sunburn

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English[edit]

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Etymology[edit]

From Middle English *sunne burnen, *sonne brennen, *sunne brennen (suggested by derivatives sonne brennynge, sunne brennynge (sunburn, literally sun-burning) and sunne brente (sunburnt), equivalent to sun +‎ burn. Compare West Frisian sinnebrân (sunburn), Dutch zonnebrand (sunburn), German Sonnenbrand (sunburn), Swedish solbränna (sunburn), Icelandic sólbruni (sunburn).

Pronunciation[edit]

Noun[edit]

sunburn (countable and uncountable, plural sunburns)

  1. A burn on the skin caused by excess exposure to the sun's rays.
  2. A burn on the tissue of crop plants or their fruits (especially if they are rich in water like tomatoesgrapes, apples, gooseberries) caused by excess exposure to the sun's rays.
    Synonym: sunscald

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Translations[edit]

Verb[edit]

sunburn (third-person singular simple present sunburns, present participle sunburning, simple past and past participle sunburned)

  1. (intransitive) To receive a sunburn.
    • c. 1613, John Webster, The Duchess of Malfi, London: D.N. and T.C., 1678, Act V, Scene 2, p. 64,[1]
      I have brought
      Your grace a Salamanders skin, to keep you
      From sun-burning.
    • 1724, Aaron Hill, The Plain Dealer, No. 81, 28 December, 1724, London: S. Richardson and A. Wilde, Volume 2, p. 199,[2]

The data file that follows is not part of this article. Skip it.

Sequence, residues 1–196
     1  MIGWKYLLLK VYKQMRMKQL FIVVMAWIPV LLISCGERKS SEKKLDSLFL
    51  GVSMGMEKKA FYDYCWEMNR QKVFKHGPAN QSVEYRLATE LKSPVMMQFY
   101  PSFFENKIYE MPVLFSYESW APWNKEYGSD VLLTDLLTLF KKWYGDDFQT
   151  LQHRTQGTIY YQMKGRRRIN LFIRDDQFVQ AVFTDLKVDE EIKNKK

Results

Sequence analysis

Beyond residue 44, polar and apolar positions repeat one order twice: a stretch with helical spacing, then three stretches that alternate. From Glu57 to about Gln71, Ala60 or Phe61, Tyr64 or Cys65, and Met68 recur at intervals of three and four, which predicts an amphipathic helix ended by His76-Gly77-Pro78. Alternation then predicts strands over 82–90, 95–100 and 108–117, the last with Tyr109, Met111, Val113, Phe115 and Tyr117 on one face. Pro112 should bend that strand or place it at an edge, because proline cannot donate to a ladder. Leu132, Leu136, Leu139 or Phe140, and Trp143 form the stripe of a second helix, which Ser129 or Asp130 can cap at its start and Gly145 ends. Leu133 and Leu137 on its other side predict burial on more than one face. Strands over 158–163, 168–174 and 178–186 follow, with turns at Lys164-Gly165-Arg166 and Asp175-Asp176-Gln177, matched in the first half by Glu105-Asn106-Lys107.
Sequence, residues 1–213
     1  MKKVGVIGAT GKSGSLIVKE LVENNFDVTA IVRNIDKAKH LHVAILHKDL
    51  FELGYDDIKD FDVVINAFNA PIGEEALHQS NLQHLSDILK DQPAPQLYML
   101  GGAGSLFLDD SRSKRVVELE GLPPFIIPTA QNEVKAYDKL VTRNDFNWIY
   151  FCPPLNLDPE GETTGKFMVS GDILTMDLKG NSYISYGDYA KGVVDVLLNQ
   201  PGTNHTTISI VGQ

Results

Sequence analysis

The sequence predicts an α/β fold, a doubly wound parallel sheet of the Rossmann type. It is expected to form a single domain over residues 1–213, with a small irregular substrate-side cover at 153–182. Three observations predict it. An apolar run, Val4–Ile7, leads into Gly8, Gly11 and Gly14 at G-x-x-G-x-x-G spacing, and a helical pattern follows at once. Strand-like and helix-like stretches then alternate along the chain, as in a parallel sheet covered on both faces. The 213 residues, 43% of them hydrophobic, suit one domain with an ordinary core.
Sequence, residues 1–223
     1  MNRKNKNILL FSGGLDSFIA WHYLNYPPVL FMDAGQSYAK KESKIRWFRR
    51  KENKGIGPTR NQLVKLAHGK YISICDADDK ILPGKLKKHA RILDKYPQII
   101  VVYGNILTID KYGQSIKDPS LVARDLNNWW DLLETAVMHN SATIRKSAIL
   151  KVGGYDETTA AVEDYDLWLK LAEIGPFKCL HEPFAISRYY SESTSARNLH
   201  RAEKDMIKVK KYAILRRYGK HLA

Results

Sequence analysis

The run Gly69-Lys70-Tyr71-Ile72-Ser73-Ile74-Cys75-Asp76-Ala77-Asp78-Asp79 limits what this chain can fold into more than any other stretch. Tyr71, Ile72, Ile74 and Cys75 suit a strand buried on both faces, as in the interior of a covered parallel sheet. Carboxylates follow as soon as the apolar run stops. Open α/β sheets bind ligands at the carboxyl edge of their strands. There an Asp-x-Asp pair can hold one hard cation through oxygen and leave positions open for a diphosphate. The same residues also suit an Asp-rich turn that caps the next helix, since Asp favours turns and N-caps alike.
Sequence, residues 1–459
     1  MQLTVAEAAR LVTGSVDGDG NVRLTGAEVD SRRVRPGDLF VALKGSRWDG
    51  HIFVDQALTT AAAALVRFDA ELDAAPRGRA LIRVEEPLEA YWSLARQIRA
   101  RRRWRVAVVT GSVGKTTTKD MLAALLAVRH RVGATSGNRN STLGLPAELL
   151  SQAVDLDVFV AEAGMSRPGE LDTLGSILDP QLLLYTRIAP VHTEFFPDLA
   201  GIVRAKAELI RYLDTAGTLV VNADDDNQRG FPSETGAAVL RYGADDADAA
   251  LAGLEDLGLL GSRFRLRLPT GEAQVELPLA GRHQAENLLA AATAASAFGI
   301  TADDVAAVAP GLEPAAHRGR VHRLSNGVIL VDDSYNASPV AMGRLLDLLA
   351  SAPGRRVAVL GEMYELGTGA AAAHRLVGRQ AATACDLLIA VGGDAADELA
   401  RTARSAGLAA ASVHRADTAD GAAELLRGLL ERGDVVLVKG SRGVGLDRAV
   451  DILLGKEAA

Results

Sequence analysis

[] there is a a Country, in the World, call’d Turkey; where Women are secur’d against the Danger of Sun-burning, by being kept out of the open Air, and lock’d up, like other Jewels, in Places where no Mischief can reach ’em.
    • 2012, Grant, Greg, Texas Fruit & Vegetable Gardening, Minneapolis: Cool Springs Press, →ISBN, pages 148–149:
      All foliage is necessary in Texas to keep the tomato fruit from sunburning.
  2. (transitive) To burn or tan (someone's skin) by the sun; to allow (a part of one's body) to become sunburnt.
    • 1668, John Dryden, Sir Martin Mar-all, London: H. Herringman, Act II, p. 11,[3]
      My Aunt charg’d me not to pull off my Glove for fear of Sun-burning my hand.
    • 1957, Jack Kerouac, On the Road, Penguin, 1999, Part 3, Chapter 1, p. 171,[4]
      As we crossed the Colorado-Utah border I saw God in the sky in the form of huge gold sunburning clouds above the desert []
    • 1989, Barbara Kingsolver, The Bean Trees, New York: Harper and Row, Chapter 7, p. 95,[5]
      “Oh shoot, I’ve sunburned the top half of my boobs,” she said, frowning down her chest.

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